“It's almost like a virtual shared care arrangement. It's got that educational component, the up-skilling component and the specialist advice component. It's a complete package.”

Ms Sheedy said an application for continuing the funding had been sent to DoHA on January 25, with a decision expected to be finalised on March 25. However, ACRRM has yet to hear an answer.

“Funding for our project runs out this year, which is why we are starting to make a bit of a noise,” she said.

Dr Muir is paid a weekly sum for 15 hours' work, but ACRRM would like to extend the service and recruit more specialists, so has applied to extend the funding to 25 hours.

However, even in that 15 hours, Dr Muir manages to consult for over 500 patients a year at a much lower cost than even video consults could provide.

“If you do the maths, it's a third of the price of MBS telehealth initiatives,” Ms Sheedy said. “Additionally, [Dr Muir] contributes to the education of the doctors who use it. He is very respectful of the rural clinician. He knows that they are quite capable of doing procedures like biopsies and he's very supportive of them.”

Dr Muir said he first became interested in remote consultations when he was working at the Royal Brisbane Hospital in 1992 and a doctor from north Queensland with a difficult case sent him photos in the mail.

“I knew what it was from the photo so I rang him up.,” he said. “The patient had a thing called warfarin necrosis. Then when the internet came along people would send me photos in an email saying Jim, can you help me with this thing.”

He later provided a visiting service to rural Queensland, but saw the need to fill the gaps in the three months or so between visits.

“I thought that with the help of the internet, we should be able to provide a good service,” he said. “There was no point in giving doctors advice if they couldn't carry out that advice, so there is online education in how to use dermatological medicaments, how to do procedures like excisions and biopsies and things like that.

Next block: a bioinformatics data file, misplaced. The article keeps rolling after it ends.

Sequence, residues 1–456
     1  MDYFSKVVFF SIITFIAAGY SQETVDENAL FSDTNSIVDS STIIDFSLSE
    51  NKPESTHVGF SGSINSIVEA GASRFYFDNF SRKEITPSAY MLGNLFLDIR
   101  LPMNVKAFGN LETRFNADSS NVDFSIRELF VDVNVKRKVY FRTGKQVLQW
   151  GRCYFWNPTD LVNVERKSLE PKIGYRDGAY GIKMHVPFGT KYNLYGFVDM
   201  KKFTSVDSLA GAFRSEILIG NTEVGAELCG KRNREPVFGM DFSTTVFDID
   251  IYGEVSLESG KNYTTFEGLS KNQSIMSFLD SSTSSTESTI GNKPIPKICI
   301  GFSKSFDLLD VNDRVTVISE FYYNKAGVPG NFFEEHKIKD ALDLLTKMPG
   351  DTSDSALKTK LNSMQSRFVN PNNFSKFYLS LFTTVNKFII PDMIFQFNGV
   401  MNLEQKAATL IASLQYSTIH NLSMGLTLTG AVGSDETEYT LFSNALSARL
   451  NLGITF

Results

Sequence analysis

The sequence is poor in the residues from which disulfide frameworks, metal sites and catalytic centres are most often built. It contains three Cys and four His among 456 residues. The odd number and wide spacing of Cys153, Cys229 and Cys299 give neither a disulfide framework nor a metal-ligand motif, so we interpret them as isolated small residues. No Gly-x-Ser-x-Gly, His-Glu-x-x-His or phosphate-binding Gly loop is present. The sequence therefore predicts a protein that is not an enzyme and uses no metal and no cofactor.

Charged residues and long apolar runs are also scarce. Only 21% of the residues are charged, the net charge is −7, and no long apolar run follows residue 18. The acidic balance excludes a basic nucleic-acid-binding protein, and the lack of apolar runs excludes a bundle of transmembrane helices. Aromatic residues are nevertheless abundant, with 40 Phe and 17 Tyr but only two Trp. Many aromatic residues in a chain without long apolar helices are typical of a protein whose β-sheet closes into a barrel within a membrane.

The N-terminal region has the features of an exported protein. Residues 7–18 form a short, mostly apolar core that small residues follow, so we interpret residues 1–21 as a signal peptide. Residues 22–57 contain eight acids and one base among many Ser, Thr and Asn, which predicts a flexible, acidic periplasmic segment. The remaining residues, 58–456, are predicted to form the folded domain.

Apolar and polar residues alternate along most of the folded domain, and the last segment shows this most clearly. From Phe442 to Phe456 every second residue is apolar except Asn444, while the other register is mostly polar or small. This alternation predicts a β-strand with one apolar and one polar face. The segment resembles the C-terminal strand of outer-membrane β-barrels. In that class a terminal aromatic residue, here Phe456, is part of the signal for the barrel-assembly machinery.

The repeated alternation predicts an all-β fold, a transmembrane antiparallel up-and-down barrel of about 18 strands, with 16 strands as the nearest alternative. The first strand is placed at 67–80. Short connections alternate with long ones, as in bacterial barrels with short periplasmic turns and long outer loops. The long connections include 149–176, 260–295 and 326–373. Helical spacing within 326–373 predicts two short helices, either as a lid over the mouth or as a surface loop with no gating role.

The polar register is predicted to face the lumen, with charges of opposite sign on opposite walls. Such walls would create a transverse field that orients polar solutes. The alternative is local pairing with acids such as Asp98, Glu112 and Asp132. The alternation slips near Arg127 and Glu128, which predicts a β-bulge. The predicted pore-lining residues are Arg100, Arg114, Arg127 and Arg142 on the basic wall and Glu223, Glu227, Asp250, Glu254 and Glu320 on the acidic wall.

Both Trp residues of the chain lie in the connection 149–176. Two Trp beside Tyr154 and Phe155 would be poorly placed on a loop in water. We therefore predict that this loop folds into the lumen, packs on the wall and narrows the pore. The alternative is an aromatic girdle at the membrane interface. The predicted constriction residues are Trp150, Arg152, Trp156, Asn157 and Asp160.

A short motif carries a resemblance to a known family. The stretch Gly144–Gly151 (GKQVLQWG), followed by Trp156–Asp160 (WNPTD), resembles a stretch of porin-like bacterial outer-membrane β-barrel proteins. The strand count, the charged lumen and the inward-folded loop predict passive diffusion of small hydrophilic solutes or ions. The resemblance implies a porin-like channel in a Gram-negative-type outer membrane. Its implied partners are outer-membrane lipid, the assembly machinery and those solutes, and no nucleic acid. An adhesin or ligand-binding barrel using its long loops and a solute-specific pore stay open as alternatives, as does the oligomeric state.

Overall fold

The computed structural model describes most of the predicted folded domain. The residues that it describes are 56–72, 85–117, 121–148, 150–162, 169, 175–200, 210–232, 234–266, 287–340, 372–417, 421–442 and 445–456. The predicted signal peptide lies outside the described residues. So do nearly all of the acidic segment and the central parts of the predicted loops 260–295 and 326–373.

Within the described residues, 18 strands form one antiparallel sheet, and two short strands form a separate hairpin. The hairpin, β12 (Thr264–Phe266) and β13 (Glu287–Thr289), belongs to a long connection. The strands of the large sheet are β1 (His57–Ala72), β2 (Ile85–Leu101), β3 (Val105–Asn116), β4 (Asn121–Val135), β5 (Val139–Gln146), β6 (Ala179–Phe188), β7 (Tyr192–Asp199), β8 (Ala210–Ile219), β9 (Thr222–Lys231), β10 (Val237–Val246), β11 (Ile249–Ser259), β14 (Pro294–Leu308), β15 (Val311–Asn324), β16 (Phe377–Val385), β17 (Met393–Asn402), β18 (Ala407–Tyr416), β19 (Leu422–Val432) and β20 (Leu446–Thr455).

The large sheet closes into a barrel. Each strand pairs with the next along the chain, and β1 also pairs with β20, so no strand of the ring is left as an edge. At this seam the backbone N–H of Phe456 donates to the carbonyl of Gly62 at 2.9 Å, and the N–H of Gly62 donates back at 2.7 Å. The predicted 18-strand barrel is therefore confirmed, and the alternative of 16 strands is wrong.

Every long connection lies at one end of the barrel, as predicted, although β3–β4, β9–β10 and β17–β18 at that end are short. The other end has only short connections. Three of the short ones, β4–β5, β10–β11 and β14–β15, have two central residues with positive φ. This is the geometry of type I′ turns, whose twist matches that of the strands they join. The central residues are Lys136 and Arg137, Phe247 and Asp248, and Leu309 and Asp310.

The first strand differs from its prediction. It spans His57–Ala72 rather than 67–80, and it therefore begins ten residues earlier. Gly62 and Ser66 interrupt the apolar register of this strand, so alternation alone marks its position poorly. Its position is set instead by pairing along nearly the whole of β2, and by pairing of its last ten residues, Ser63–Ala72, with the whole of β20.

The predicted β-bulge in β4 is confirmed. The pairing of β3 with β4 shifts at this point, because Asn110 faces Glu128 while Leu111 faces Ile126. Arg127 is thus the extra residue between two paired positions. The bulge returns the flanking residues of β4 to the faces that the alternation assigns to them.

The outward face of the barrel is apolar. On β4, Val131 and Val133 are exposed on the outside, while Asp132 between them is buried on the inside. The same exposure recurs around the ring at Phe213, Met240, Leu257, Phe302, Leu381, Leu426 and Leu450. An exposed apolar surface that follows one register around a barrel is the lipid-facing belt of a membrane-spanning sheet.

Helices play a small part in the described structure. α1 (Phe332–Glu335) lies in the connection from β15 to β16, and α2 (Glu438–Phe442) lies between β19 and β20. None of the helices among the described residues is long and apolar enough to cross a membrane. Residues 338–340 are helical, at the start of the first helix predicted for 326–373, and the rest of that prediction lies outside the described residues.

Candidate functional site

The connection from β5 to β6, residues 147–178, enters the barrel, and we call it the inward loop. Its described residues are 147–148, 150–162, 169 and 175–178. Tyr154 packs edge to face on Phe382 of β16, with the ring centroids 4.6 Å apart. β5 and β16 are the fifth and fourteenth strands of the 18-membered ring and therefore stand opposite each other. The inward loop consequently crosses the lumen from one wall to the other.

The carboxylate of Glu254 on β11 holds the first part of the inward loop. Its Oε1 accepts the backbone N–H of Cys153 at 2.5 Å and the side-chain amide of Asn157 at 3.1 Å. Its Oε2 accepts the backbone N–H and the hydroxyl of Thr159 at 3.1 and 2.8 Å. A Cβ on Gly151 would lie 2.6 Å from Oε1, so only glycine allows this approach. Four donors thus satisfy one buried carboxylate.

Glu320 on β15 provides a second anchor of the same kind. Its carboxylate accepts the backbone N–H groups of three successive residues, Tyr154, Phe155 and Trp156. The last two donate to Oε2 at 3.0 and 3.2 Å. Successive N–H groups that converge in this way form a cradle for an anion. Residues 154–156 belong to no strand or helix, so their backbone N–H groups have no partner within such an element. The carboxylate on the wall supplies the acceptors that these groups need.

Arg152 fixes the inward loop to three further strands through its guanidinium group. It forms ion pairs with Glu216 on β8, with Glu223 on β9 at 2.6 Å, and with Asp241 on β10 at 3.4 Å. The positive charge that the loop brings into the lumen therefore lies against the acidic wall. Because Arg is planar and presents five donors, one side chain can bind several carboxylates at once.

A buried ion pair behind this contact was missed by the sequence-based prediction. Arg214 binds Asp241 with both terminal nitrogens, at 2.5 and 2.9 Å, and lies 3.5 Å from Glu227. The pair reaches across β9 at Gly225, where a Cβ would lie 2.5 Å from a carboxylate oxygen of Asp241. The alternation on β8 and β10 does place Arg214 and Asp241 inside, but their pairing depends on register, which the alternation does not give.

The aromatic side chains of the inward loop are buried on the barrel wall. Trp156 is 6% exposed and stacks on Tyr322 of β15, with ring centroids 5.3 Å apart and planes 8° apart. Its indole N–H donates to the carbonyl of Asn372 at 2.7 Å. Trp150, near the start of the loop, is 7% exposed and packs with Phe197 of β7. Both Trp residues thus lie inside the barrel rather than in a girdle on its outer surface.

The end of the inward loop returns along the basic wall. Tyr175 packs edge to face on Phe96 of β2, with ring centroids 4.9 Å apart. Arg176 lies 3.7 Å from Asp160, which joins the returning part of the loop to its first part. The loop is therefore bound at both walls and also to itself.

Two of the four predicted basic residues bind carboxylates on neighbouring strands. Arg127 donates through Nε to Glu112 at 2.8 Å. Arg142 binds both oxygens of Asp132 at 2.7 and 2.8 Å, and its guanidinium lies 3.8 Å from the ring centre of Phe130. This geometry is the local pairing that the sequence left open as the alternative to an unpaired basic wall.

“Then it has hundreds and hundreds of cases that they can do blinded, and they are all based on a Q&A. They get a photo, they get a clinical history and they get questions like 'describe what you can see, what is your differential diagnosis, what else would you like to know or tests to order', and then they get the answers.

“Alternatively, they are all coded under their condition so if they see a case of seborrhoeic dermatitis or psoriasis and they want to look up similar cases, they just click on the diagnostic icon, and other cases they can look at will come up. And because they go into very detailed advice and treatment, I'm hoping they can adapt the treatment from that case to their own case.”

If the doctor has a particular case that needs specialist advice, they are able to log on to the website, upload photos and a clinical history, and a text message is sent to Dr Muir.

“I then look at it and send them out an answer, with turnaround in 95 per cent of cases within 24 hours," he said.

ACRRM estimates that if the service were to be funded like the MBS telehealth program, 15 hours of consulting services a week for a year would cost $537,500 to the specialist and $357,375 to the GP. Tele-Derm, on the other hand, can provide the service for $187,500.

A spokeswoman for the Department of Health and Ageing said: “The processes for determining shortlisted fundholders for the RHOF is well progressed and the Government will be able to provide advice about the outcome of the tender process in due course.”

Tele-Derm is free to ACRRM members and RRMEO subscribers, and to GPs working in defined rural areas. The petition is available at Change.org.

Posted in Australian eHealth